Editorial: Carbon Crimes


Carbon Crimes

In the January/February issue of World Watch, writer Susan Moran ("Rush to Coal") detailed the frenzied efforts of U.S. utilities to build more than 150 "new" pulverized-coal power plants before the imposition of increasingly likely federal statutory limits on carbon emissions. I say "new," because the technology is 80 years old and is hardly more advanced than a log fire. Moran's piece, as befits a professional, was matter-of-fact. Here, I want to try to express the outrage her story provokes.

NASA's top scientist, James Hansen, has said we have perhaps 10 years to get a grip on our carbon emissions or else face a tipping point beyond which climate warming
spirals irreversibly out of control. The atmosphere already holds too much carbon, but these coal-fired plants will release billions of tons of additional, now-sequestered carbon into the air during their 50-year useful lives. The cheap but antiquated technology slated for the plants is almost impossible to refit later for carbon capture and storage-even if that highly untested process turns out to be workable. The effect would be to accelerate the arrival of Hansen's tipping point. His 10 years may be metaphorical, but time is clearly short.

Which is why building these plants seems lunatic at best. At worst, it's criminal. A satisfying fantasy sprang to mind when I learned of TXU Energy, American Electric Power, Xcel Energy, and the other utilities' calculated rush to coal. It involved the outlawing of carbon crimes-"knowingly and willfully acting to sharply increase the atmosphere's carbon content without provision for redress, and thus, for the sake of shortterm financial benefit, to inflict on the entire planet and its billions of inhabitants a dangerously unstable climate." In my little dream, conviction would bring long, miserable prison terms-the guilty utility executives would live in un-airconditioned, unlit cells and spend their waking hours planting trees in the tropics, chained together in work gangs and sweating under the hot sun to undo some small part of the harm they'd caused.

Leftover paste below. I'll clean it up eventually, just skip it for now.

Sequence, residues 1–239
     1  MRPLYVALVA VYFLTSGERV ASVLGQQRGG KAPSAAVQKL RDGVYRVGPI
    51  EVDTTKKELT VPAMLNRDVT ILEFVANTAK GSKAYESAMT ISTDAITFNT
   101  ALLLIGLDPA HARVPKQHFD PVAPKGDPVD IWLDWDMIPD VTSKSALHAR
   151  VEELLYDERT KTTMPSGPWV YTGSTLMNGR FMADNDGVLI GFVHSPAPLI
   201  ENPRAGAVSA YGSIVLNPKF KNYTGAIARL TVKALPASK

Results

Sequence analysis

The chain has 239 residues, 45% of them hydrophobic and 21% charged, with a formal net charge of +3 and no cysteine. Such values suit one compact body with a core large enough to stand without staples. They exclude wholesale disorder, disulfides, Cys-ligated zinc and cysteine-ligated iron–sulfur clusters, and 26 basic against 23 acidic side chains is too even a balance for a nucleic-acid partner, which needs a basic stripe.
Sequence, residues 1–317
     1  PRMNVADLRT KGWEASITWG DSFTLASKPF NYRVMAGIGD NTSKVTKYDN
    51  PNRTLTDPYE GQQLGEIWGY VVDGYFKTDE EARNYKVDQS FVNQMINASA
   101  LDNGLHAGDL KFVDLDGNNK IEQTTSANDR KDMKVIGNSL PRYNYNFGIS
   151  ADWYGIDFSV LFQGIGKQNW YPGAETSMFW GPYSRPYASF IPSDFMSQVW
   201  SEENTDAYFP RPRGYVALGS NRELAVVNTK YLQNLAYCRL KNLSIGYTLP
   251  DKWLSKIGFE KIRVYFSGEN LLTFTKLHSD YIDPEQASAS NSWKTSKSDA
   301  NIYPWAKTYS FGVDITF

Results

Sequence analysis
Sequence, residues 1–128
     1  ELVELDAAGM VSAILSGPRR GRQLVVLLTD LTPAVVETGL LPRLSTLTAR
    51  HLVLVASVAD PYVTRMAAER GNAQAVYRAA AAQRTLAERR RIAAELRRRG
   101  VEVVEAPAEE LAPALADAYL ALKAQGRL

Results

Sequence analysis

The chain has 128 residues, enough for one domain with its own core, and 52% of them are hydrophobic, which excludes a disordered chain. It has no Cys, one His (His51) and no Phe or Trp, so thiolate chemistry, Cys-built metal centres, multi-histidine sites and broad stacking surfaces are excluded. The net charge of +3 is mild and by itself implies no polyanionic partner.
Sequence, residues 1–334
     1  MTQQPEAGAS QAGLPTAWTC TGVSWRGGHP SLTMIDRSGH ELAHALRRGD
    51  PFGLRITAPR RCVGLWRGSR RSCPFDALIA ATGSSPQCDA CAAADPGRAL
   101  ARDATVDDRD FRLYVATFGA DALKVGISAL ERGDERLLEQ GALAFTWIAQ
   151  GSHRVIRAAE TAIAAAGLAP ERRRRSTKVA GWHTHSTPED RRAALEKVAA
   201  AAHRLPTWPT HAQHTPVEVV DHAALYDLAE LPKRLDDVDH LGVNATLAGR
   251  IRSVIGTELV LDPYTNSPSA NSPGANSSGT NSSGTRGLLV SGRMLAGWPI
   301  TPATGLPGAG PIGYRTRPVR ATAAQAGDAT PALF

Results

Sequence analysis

That probably sounds harsh. But there are no excuses here except venal ones. Ignorance? The science of climate change is unavoidable for anybody whose head isn't buried in quarterly profit-and-loss statements. It's harmless? The expanding hazards of climate change are already being felt around the globe. They had no choice? Energy efficiency is proven and cheaper, and the enormous potential of renewables remains largely untapped. "It's strictly business-our responsibility is only to our shareholders"? Sorry; that business model is increasingly deadly. Business is vital to human economic well­being, but there is no room anymore for businesses that fail to understand their power to shape the world and their obligation to use it responsibly.

So, incipient carbon felons: get your noses out of the ledgerbooks! Leave the coal in the ground. Feel the wind at your backs and the sun on your faces. That's your only future, and everyone else's too.


-Thomas Prugh